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September 20, 2014

Fannie: The Housing Market Resets Into Catch-Up Mode

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Fannie: The Housing Market Resets Into Catch-Up Mode

The housing market is starting to show some improvement after a slow start to the year, but home sales likely will still likely be shy of 2013 numbers, according to Fannie Mae’s June 2014 Economic Outlook, released this week.

"Home price improvements have contributed to consumers’ household wealth, but overall growth in the housing market pulled back in the first quarter, with major housing indicators coming in lower year over year compared to the first quarter of 2013," says Doug Duncan, Fannie Mae’s chief economist. “More recent housing indicators were mixed, with only moderate improvement despite the decline in long-term interest rates.”

Fannie economists are predicting that home sales in 2014 will be about 2 percent lower than in 2013. Economists project that new-home sales will increase between 12 to 15 percent this year while existing-home sales will decline year-over-year.

Optimism Rides the Wave

The labor market continues to be a strain on growth in the market. However, “consumers should get a boost going forward due to continued rising household net worth, which is improving rapidly but remains well below the 2006 peak, as well as firming labor market conditions, which have showed steady albeit unspectacular gains,” Duncan says.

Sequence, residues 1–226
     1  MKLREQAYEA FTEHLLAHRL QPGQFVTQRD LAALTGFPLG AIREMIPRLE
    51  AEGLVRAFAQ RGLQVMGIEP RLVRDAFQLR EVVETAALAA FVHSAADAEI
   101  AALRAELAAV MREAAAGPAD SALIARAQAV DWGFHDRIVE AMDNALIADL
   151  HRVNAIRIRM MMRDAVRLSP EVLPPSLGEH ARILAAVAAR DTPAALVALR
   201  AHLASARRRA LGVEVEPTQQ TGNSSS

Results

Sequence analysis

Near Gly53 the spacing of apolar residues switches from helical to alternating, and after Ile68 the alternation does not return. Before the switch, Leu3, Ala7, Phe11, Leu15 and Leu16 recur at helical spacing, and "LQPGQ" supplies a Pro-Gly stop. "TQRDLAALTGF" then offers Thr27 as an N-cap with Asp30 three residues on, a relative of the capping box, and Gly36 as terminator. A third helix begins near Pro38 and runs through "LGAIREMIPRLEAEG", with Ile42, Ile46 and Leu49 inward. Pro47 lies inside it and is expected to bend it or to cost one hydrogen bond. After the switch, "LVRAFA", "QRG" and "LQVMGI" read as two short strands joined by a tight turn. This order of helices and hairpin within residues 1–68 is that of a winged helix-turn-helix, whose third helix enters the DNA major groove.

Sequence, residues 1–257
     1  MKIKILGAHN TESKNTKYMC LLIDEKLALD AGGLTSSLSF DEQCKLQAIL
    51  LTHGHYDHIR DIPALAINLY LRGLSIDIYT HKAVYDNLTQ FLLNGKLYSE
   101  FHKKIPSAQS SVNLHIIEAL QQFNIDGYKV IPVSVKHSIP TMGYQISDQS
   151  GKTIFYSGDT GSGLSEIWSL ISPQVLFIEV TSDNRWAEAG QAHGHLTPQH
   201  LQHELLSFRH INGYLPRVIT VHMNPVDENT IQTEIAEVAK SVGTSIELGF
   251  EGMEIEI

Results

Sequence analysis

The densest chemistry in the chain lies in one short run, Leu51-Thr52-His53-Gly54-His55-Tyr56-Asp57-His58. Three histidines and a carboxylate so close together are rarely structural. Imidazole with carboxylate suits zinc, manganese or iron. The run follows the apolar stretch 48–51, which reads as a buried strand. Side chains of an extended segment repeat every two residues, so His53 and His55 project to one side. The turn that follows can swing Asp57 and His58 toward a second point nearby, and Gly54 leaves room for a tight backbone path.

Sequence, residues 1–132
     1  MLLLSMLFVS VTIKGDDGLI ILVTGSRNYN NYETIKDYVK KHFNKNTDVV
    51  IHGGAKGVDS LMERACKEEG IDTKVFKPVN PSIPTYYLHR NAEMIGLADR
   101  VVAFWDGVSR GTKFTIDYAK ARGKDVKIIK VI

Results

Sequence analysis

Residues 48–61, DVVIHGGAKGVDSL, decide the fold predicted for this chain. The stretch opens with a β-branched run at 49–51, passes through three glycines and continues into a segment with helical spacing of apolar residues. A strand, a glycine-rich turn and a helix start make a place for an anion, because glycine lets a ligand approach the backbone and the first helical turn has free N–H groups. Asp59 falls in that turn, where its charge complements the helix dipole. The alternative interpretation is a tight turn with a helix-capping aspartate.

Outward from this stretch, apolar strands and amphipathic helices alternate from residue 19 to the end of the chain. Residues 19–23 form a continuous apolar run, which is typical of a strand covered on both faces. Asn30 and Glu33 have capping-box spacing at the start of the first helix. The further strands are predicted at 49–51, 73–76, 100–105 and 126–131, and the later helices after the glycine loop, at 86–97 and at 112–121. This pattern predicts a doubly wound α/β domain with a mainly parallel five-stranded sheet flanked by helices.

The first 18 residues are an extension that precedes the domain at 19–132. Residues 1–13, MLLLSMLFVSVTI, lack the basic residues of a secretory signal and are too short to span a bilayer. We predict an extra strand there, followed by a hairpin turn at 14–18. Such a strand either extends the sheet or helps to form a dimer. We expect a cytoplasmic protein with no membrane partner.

Loan demand also has been on a declining trend, despite interest rates hovering near their yearly lows, according to the Mortgage Bankers Association.

“While the recent uptick in rates may have a little to do with a drop in mortgage application volume, purchase activity in many areas nationwide continues to suffer from a lack of inventory and confidence," Bill Banfield, Quicken Loans vice president, told HousingWire. "Many consumers are very content with keeping their homes off the market, especially during the summer.”

Still, the market did receive some good news this week: Existing-home sales were up 4.9 percent in May -- the highest monthly rise since 2011, according to the National Association of REALTORS®. New-home sales also posted an increase, jumping 18.6 percent to its highest level since 2008.

Fannie economists are optimistic that the housing market and economy will continue to pick up after a slow start to 2014.

"We remain confident that the first-quarter drop in activity will reverse, and we are seeing some positive signs in the current quarter, but economic growth likely will be playing catch-up for the rest of the year," Duncan says.

Source: Fannie Mae and “The Housing Market’s Failure to Launch in 2014,” HousingWire (June 24, 2014)